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Showing posts from January 28, 2017

Peace is a process (Hindu.

The absentees at the Astana talks on the Syrian conflict hold the cards for the next steps

Two days of talks over the war in Syria ended this week in Astana, Kazakhstan. Iran, Russia and Turkey were the main powers at the table. Kazakhstan was a perfect location for the talks, since it has close ties with both Turkey and Russia. The Syrian government and the armed opposition sat together for the first time in six years. The Syrians came to the table, but they were not party to the final agreement. In the end, the three powers came to an understanding, which is itself a matter of great significance since these powers were major rivals on the Syrian battlefield.

Lack of external support


Wars end either with a decisive victory or in exhaustion. In Syria, neither condition has been reached. What drives the ceasefire talks is the recognition that the major proxies of the armed opposition — Saudi Arabia, Turkey and the U.S. — have withdrawn. Turkey has decided that this war has spilled ove…

Case for targeted basic income (Hindu.)

The idea of a basic income is not new. The first known suggestion on an unconditional universal basic income for all adults regardless of other income sources was from Thomas More. Centuries later, in 1918, Bertrand Russell discussed a basic income sufficient for necessities as central to the social model combining the advantages of anarchism and socialism that he argued for in Proposed Roads to Freedom. “A certain small income, sufficient for necessities should be secured to all, whether they work or not, and that a larger income — as much larger as might be warranted by the total amount of commodities produced — should be given to those who are willing to engage in some work which the community recognises as useful.” Even on finishing education, no one should be compelled to work, and those who choose not to work should receive a bare livelihood and be left completely free, he wrote.

With anti-globalist populism on the rise, several advanced countries are considering whether they s…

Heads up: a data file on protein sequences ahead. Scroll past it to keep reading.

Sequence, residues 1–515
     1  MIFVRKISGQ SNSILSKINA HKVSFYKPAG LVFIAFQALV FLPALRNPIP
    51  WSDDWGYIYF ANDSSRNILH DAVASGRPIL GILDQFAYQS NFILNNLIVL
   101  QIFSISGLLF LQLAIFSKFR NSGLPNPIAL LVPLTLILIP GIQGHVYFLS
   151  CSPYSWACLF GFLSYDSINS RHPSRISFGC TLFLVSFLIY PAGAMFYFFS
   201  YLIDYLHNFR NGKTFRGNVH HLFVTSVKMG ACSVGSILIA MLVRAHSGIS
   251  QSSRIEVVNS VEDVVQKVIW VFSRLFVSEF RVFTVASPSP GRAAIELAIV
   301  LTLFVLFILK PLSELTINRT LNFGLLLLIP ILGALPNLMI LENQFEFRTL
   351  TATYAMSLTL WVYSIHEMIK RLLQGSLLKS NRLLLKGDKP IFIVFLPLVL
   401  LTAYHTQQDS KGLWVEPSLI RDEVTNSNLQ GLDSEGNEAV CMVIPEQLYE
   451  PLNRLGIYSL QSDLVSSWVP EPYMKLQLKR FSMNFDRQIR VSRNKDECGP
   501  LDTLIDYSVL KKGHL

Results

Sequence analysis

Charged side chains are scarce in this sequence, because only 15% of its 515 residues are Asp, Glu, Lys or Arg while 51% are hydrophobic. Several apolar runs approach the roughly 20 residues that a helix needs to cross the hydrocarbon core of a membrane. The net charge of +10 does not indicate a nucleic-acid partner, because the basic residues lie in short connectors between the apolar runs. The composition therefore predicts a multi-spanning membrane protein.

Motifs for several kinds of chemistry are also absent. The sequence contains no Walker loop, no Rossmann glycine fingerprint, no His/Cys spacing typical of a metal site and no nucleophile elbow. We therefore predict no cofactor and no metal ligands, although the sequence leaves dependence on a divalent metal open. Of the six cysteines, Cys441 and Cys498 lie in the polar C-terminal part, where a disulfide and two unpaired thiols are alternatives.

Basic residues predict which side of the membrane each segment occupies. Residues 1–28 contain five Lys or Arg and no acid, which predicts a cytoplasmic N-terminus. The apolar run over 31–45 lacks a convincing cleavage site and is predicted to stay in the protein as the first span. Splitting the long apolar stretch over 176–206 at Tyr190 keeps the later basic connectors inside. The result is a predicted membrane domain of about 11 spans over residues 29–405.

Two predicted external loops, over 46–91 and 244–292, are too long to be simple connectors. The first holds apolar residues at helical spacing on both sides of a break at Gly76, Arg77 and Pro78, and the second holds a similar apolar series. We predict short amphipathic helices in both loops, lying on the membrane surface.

Getting ready for Sport 3.0? (Hindu.)

Technique and technology have combined to turn sport into a spectacle that was never accessible to our forefathers.

Two events that occurred recently in the world of sport not only challenged our imagination but also offered us a peek into the future of sports. But think deeply about them and they may not surprise us.

For, both sportsmen and sports equipment, the latter more so, have been evolving at a mind-boggling pace and we are left playing catch-up, jaws dropped, mind reeling.

The incremental leaps in technology that sports have made make us wonder whether our grandfathers or great grandfathers would have recognised them for what they are.

In fact, some of the changes that sport has undergone can be compared to artificial intelligence or unimaginable robots.

This might be the conclusion of those who watched Virat Kohli in the India-England ODI series in Pune hit Chris Woakes’s slower short ball soaring over mid-on a few days before Ivo Karlovic hit 75 aces and a huge number of f…

Strong railway, strong India. But do we care? (hehidu, )

In the early hours of November 23 in 1956, a train accident at Ariyalur, a town not very far from Thanjavur, killed 142 people and injured 110. Lal Bahadur Shastri, Railway Minister at the time, took moral responsibility for the mishap and resigned. Jawaharlal Nehru, the Prime Minister, forwarded his resignation to the President.

Sixty years later, on November 20 last year, a train accident near Kanpur killed nearly 150 people. And within 60 days, last Saturday, at least 40 passengers died when a train derailed in Andhra Pradesh. No one resigned, no heads rolled. Instead, fingers were pointed at Pakistan’s ISI and Maoists.

The truth is 60 years is long enough for those in power to grow a thick skin — and also for people to become insensitive to such tragedies. I mean, how does it matter to us if 100 or 150 die in a train accident somewhere in Kanpur or Odisha or wherever, as long as we were not travelling in the ill-fated train? Today, what matters to us is who said what — and not wh…